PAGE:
One of the main roles the ogres play in Gulheim are caretakers of the goblinoids wolves. The minotaurs are manual laborers, good with their hands. These two races’ kingdoms fell, and if their slavery was rough, at the death of Heidarl’s queen, their slavery became unbearable. These races are dimwitted, and hard labor is just hard labor in their eyes. The members of their races smart enough to notice the pain flee for asylum in Wrone, and the populations of these smarter members is small.
The elves are natural trackers and hole up in the boreal forests along its streams. Rumor has it that an ancient city dwells hidden away in the forests, floating on crystal clear water, but such thoughts are just that—rumor. The elves and the gnolls have a braided history. They remain at war and always have been. The elves are said to maintain close connections with the Oak, and so the gnolls’ travelers fear contact with them. When the elves began to push the gnolls out of the Walk, the gnolls resettled in Ealie.
It became known later that the gnolls were responsible for the giants’ war, having delivered a forged letter which bypassed the giants’ skillful eyes. The letter convinced the giants to attack the other races, beginning with the minotaur for the minotaur refused to let the gnolls expand near the forests. Their plan backfired when the giants decided to try their hand at all the other races. As per the letter, the giants slaughtered the minotaurs first, and the minotaurs resent them to this day, yet their druidic nature restrains their revenge. From the heights of Ealie’s snow mounds, the gnolls defended against the giants’ advance. The elves fled, the dwarves hid, the gnolls fought. The humans waited for news of their failure, yet the gnolls stood. The gnolls pressed their advantage, but Gulheim was beyond their grasp. Nevertheless, the gnolls won their freedom from their own hand.
Hailing from Prulernilly Swamp are the gnomes, resilient to Swamp Fever, a plague that has an outbreak in the rest of the kingdoms every so often. The sick are confined to exile, where they waste away with the disease. The gnomes are untrusted and believed to try and inser the plague into the reset of society. The Swamp is also home to the lizardfolk, and the gnomes and lizardfolk do not get along. Gnomish merchants sell “magic” potions in the towns, which seem to rarely accomplish their purpose. The extra tricky are known to hire another race to sell their wares.
The halflings are tundra hill folk. They are herbalists and doctors and alchemists. The halflings are mild mannered and a peaceful nation, hiring mercenaries to fight their wars from the profits of their labors. They have been known for riding snow worms, deer, elk, and moose.
With the wintry climate and harshness of the politics and terrain, many peoples resort to crime to steal the scarce resources.
The Northerners worship the deities Aengrist, Auril, Balder, Farlanghn, Forseti, Heimdall, Hleid, Iborighu, Levistus, Moradin, Mya, Olidammara, Rao, Roknar, Telchur, Tharmekhul, Thautam, Thrym, Uluti, Vatun, and Valkauna. Across the lands, worshipers gather in the Temples of Frost, located in nearly every city.
The months of Nirath are Primus, Undragus, Snowmus, Herramus, Dendrastus, Olstus, Creatus, Westmus, Girhadus, and Nesmastus, each twenty days in length split into five day weeks.
Each month, the city celebrates these events:
Festival of the New Month (Held on the First)
A festival celebrating the change in the month and the change in the season.
Feast of Pools (Held on the Fourth)
A festival where snow and ice are brought into each city and melted for drinking. Bucket sales go up.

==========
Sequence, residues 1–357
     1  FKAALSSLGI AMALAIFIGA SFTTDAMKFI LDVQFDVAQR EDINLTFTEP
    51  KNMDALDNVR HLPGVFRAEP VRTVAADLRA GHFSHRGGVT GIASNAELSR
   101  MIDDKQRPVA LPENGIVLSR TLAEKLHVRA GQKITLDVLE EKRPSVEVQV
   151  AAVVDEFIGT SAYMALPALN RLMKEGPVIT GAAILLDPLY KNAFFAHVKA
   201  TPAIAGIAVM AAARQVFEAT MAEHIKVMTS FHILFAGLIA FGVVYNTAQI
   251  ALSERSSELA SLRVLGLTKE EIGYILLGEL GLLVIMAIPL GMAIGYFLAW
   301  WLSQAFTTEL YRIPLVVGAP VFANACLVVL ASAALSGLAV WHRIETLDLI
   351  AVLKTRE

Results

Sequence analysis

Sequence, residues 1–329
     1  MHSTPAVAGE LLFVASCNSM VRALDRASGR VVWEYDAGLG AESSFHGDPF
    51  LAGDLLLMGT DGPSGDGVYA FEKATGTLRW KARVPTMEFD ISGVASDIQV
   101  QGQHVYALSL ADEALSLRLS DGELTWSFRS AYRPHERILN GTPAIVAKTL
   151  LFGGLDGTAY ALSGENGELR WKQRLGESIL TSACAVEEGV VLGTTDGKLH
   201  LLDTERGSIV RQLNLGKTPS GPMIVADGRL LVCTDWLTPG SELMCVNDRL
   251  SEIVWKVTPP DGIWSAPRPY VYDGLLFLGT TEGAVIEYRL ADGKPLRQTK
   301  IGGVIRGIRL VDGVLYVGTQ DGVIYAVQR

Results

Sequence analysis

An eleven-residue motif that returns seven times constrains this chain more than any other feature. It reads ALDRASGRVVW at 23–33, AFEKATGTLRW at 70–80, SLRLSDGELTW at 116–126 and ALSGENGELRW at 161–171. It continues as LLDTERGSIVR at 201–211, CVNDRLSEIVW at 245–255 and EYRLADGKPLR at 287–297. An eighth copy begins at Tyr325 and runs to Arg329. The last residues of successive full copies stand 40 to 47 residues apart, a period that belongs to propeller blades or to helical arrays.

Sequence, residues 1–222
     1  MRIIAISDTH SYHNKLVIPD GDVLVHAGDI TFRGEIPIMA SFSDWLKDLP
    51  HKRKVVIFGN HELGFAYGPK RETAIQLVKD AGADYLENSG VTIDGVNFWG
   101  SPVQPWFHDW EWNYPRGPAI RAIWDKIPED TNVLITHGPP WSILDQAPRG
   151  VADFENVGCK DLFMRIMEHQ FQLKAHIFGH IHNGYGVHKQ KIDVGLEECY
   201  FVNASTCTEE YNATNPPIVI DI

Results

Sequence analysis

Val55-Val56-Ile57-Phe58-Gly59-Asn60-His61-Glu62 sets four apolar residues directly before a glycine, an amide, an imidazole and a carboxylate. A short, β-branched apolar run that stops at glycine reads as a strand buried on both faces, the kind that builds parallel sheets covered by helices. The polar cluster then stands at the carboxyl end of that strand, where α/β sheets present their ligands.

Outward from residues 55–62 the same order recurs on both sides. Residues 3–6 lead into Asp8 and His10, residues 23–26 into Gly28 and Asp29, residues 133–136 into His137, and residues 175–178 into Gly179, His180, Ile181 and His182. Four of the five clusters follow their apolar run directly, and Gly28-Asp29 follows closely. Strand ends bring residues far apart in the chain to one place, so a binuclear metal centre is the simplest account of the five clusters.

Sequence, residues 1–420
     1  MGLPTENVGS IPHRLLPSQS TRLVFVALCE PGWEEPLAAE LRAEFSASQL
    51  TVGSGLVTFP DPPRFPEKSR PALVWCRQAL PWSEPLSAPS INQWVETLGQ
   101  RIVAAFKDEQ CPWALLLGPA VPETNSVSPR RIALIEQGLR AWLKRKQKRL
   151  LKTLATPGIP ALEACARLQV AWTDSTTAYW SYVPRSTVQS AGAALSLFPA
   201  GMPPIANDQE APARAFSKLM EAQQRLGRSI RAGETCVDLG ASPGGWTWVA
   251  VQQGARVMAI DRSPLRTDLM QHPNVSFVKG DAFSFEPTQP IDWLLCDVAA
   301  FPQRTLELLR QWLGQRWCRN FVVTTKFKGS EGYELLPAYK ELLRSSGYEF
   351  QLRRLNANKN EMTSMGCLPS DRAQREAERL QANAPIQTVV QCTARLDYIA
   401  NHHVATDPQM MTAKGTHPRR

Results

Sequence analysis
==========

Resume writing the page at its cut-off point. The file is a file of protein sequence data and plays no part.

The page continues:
Circle of Ends (Held on the Seventh)
The day when executions take place, if any. The passing of those lost to any death is celebrated here.
Festival of New Days (Held on the Eighth)
This is the day when weddings occur in the lands. New births are also celebrated on this day.
Night of the Moons (Held on the Ninth)
A festival celebrating the return of the second moon of Nirath. This day is the only day when the second moon is visible in the sky, and it is visible all day.
Dance of Songs (Held on the Tenth)
A celebration of music and dance. Performed as a community building event amongst the peoples.
Celebration of the Crafts (Held on the Twelfth)
A celebration where craftsmen gather and show their expertise in a wide variety of crafts. Also used to encourage sales and business.
Run of Ice (Held on the Fourteenth)
An exhibition of acrobatics, racing, and gladiatorial styled combat. This competition lasts for a whole week.
Day of Taxes (Held on the Sixteenth)
A day when the citizens must pay the taxes to their king. Guards collect these funds from everyone. No one is allowed to the leave the city within two days before the collection day, which is always the sixteenth. Citizens pay 1sp, unless they are a business owner, in which case they pay 1g.
Eve of the New Month (Held on the Twentieth)
This is a celebration of the end of the current month and a preparation day for the month to come. Most say this celebration is just to make the Festival of the New Month longer.
Enter Songshire, a town of men and refugees, criminals and adventurers, settled in a farming community outside the city boundaries of Wrone, the capitol of the kingdom of men. And the town which you find yourself. You sit in the White Dragon’s Whistle Tavern and Inn, an “L”-shaped building. The inn is on the main floor with additional rooms on the main floor. The barkeep’s name is Freid, a lifelong citizen of Songshire, and his worker is named Myrus. There are three minstrels playing music, and the patrons dance to the tune. There are five other patrons—Holfsteir, Grutog, Ujiraln, Muka, and Osbiran—sitting at the tables. You’ve been either a traveller across the the Walk or a resident of the Kingdom of Wrone. Either way, your journeys and life have brought you here to Songshire, seeking out some path in your life. The White Dragon’s Whistle seemed like a decent place to grab a bite to eat and warm up at the hearth.